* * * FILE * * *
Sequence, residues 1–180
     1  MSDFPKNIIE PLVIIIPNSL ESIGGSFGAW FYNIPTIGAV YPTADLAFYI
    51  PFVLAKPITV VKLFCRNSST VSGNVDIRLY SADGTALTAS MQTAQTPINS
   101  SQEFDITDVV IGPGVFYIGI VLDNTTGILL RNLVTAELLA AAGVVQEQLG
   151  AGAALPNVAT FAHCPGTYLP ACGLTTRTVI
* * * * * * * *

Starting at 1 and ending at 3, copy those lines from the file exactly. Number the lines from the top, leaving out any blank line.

Sequence, residues 1–180
     1  MSDFPKNIIE PLVIIIPNSL ESIGGSFGAW FYNIPTIGAV YPTADLAFYI
    51  PFVLAKPITV VKLFCRNSST VSGNVDIRLY SADGTALTAS MQTAQTPINS